Reviewed by Phee Paradise
Eye of the God by Ariel Allison
I enjoy a good crime drama with international intrigue and tough characters. I don’t even mind when the heroes have questionable ethics, if Good triumphs in the end. In Eye of the God, Allison makes a good attempt in that genre. Suave and cunning jewel thieves plot to steal the Hope Diamond from the beautiful woman who is ultimately responsible for it. The book has action, mystery, romance and just a little violence.
As the plot moves forward in unexpected twists, the characters surprise us. We get hints that Abby, the heroine, may be more than she seems. Some of the other characters are even more mysterious, but there are clues to their identities, if you look for them. My one complaint is with the men in charge of the security of the diamond. For professionals they were too casual about their responsibility and I actually found myself hoping the thieves would succeed because of it. I don’t think men in their position would make such foolish decisions and it felt like that part of the plot was forced in order for the rest of the scheme to work out.
One of the best things about the book is that the history of the diamond is told as a story within the story. As the conspiracy develops, the reader learns about different people who have owned it over the centuries, and the tragedies they have suffered because of this cursed jewel.
I don’t think I’m giving away the end if I tell you that Good does triumph, though it will surprise you how it happens. And Allison gives us one little fact that promises another book. It will be fun to see what intrigue Abby will face next.
Pros: Fast paced drama with lots of intrigue. In the midst of this, the reader is given insight into the characters and we get to see them resolve some of their emotional issues while solving a crime.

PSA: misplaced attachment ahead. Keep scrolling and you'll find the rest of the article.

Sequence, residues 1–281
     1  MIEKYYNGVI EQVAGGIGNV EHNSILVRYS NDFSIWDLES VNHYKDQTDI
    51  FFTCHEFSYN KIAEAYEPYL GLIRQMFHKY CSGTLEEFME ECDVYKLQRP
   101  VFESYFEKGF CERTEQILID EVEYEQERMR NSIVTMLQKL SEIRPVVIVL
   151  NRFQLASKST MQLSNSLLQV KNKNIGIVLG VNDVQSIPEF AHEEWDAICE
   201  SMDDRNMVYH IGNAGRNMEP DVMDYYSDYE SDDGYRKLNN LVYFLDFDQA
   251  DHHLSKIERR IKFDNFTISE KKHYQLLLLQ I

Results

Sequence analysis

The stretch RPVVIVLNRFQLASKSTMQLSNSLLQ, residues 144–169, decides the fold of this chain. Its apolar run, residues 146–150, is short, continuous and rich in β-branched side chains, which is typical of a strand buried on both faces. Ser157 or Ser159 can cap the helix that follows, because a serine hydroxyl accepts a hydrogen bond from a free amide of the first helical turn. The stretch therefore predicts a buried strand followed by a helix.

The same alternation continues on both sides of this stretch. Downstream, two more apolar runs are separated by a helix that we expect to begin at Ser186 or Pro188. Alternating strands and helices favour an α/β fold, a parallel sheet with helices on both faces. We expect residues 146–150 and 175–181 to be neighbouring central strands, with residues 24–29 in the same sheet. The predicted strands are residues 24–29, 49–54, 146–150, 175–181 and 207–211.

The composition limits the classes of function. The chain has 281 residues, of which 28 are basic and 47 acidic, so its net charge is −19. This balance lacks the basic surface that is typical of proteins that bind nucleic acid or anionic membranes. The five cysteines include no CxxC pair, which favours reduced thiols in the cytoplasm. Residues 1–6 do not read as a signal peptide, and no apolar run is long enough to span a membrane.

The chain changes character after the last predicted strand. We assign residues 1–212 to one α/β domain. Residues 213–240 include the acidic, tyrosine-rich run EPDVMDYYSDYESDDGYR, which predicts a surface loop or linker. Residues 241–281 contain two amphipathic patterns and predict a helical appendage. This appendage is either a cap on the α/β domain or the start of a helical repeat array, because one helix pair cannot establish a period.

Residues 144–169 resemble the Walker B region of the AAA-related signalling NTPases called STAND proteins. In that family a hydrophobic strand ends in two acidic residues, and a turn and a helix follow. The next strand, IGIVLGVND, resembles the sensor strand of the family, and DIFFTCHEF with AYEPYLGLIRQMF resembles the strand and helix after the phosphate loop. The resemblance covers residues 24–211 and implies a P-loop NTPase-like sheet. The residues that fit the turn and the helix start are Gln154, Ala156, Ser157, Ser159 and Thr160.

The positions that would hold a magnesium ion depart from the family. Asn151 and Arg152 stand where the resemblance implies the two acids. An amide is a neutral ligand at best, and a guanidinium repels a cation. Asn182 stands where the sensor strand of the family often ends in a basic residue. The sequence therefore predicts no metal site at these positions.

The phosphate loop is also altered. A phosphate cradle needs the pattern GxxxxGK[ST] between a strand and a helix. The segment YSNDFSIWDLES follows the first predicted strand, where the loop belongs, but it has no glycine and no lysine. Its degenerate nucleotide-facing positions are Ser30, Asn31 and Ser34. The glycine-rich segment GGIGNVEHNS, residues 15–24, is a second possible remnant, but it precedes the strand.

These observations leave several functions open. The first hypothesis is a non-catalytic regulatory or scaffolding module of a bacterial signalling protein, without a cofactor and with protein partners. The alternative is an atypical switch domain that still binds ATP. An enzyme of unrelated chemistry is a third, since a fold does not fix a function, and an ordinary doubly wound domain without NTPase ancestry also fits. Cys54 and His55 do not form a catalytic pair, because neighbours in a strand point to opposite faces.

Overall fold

Cons: The dialogue is a little stiff and the situations don’t always seem realistic, particularly the administration of the Smithsonian Institution.
ABOUT THE AUTHOR:
Allison is a published author who lives in a small Texas town with her husband and three young sons. She is the co-author of Daddy Do You Love Me: a Daughter’s Journey of Faith and Restoration (New Leaf Press, 2006). Justin Case, the first of three children’s books will be published by Harvest House in June 2009. Ariel is a weekly contributor to www.ChristianDevotions.us and has written for Today’s Christian Woman. She ponders on life as a mother of all boys at www.themoabclub.blogspot.com and on her thoughts as a redeemed dreamer at www.arielallison.blogspot.com.
I am the daughter of an acclaimed and eccentric artist, and given my “unconventional” childhood, had ample time to explore the intricacies of story telling. I was raised at the top of the Rocky Mountains with no running water or electricity (think Laura Ingles meets the Hippie Movement), and lived out the books I read while running barefoot through the sagebrush. My mother read to me by the light of a kerosene lantern for well over a decade, long after I could devour an entire novel in the course of a day. Authors such as C.S. Lewis, J.R.R. Tolkein, George MacDonald, and L.M. Montgomery were the first to capture my heart and I have
grown to love many others since.
ABOUT THE BOOK
eye of the god takes the fascinating history surrounding the Hope Diamond and weaves it together with a present-day plot to steal the jewel from the Smithsonian Institute.
We follow Alex and Isaac Weld, the most lucrative jewel thieves in the world, in their quest to steal the gem, which according to legend was once the eye of a Hindu idol named Rama Sita. When it was stolen in the 17th century, it is said that the idol cursed all those who would possess it. That won’t stop the brilliant and ruthless Weld brothers.
However, they are not prepared for Dr. Abigail Mitchell, the beautiful Smithsonian Director, who has her own connection to the Hope Diamond and a deadly secret to keep. Abby committed long ago that she would not serve a god made with human hands, and the “eye of the god” is no exception. Her desire is not for wealth, but for wisdom. She seeks not power, but restoration.
When the dust settles over the last great adventure of the Hope Diamond, readers will understand the “curse” that has haunted its legacy is nothing more than the greed of evil men who bring destruction upon themselves. No god chiseled from stone can direct the fates of humankind, nor can it change the course of God’s story.
To read the prologue and first chapter of eye of the god, cllick HERE
Wednesday, October 28, 2009
Reviewed by Phee Paradise